Sprinkle flour over the vegetables and stir for 1-2 minutes.  Add the chicken stock and potato. Bring to a boil, stirring to ensure flour is incorporated and not lumpy.  Reduce heat to medium-low and slowly add the milk while stirring the mixture. Cook, stirring mixture, for approximately 2 minutes.

Add the cooked turkey, creamed corn, salt, pepper, and grated Parmesan.  Heat to melt the cheese and ensure potato is fork tender but do not boil chowder.  Serve hot with rolls, biscuits, or crackers.

Yield: Apx. 4-5 servings

Turkey Chowder Recipe

Yield: Apx. 4-5 servings

A thick, flavorful chowder that uses leftover cooked turkey, aromatic vegetables, creamed corn, and Parmesan cheese, all seasoned with dried summer savory

Ingredients

  • 2 tbsp butter
  • ¾ cup onion, chopped
  • ½ cup celery, chopped
  • ½ cup carrots, diced
  • 3 oz white button mushrooms, sliced
  • ¼ cup red pepper, chopped
  • 1½ - 2 tsp dried summer savory
  • ¾ tsp garlic salt
  • 2 tbsp all-purpose flour
  • 2 cups chicken stock
  • 1 cup potato, diced
  • 1¼ cups milk
  • 2 cup cooked turkey, cubed
  • 1 – 10oz can creamed corn
  • Sprinkle salt and pepper, to taste
  • 3 tbsp grated Parmesan cheese

Instructions

  1. Melt butter in large soup pot. Add onions, celery, and carrots and cook over medium heat for 3-4 minutes, stirring often. Sprinkle the mixture with summer savory and garlic salt. Increase heat to medium-high and add mushrooms and red pepper and cook 3-4 minutes, continuing to stir vegetables often.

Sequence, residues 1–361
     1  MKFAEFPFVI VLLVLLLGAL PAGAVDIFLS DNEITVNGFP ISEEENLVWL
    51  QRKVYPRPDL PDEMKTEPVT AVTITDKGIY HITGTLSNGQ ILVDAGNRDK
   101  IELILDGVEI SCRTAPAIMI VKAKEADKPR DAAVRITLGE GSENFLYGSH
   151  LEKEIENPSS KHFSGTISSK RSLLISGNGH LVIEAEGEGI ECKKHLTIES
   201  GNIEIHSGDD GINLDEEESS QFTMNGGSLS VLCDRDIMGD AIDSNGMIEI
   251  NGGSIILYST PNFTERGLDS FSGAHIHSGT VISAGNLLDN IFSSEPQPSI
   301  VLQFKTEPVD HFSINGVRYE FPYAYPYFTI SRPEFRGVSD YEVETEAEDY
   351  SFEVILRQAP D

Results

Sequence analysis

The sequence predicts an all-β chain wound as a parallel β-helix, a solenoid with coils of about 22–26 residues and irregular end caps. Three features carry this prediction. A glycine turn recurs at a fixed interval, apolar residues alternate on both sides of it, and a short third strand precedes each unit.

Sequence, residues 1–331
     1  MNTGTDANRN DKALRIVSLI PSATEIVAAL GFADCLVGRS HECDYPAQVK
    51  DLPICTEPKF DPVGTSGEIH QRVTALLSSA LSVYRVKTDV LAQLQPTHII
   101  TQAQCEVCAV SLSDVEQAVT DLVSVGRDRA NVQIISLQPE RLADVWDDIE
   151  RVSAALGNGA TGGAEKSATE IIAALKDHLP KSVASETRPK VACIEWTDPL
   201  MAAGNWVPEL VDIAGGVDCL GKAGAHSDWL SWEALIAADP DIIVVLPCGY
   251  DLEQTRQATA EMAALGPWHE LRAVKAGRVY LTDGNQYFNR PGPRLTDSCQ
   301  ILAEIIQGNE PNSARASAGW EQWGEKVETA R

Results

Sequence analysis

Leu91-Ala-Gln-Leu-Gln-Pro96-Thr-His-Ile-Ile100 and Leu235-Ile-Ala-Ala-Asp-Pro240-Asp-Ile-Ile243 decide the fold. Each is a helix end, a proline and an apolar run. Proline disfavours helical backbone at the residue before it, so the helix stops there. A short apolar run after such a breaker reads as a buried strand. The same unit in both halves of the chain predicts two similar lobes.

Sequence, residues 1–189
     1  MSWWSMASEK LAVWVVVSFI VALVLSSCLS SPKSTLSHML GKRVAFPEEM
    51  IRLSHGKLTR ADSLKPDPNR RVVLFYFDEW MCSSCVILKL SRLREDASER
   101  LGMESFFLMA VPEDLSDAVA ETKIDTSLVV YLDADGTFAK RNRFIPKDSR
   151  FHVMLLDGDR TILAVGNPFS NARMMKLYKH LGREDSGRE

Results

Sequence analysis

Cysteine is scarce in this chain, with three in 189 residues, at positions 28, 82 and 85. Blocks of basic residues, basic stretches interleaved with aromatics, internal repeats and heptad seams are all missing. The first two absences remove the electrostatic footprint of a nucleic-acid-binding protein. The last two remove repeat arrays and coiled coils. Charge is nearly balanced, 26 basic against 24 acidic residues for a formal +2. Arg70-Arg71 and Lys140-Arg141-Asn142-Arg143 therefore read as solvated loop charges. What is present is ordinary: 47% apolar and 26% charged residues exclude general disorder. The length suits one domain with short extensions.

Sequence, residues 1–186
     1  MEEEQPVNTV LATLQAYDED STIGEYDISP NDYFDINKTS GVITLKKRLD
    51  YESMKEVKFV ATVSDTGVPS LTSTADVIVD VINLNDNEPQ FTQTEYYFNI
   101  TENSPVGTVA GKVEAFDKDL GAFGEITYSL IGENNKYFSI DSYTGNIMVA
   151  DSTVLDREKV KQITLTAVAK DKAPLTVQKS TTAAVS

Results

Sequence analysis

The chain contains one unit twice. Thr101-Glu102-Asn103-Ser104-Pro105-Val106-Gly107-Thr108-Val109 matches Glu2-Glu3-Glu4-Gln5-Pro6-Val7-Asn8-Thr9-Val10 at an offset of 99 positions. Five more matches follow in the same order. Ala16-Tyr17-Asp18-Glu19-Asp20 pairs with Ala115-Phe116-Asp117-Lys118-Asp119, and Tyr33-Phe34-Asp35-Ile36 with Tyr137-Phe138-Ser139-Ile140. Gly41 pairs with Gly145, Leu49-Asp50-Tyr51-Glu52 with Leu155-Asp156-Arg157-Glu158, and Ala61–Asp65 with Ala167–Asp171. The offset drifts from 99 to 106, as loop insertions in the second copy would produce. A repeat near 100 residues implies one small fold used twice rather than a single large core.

2. Sprinkle flour over the vegetables and stir for 1-2 minutes. Add the chicken stock and potato. Bring to a boil, stirring to ensure flour is incorporated and not lumpy. Reduce heat to medium-low and slowly add the milk while stirring the mixture. Cook, stirring mixture, for approximately 2 minutes.
  3. Add the cooked turkey, creamed corn, salt, pepper, and grated Parmesan. Heat to melt the cheese and ensure potato is fork tender but do not boil chowder. Serve hot with rolls, biscuits, or crackers.
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Turkey Chowder
Turkey Chowder

 

Homemade Turkey Chowder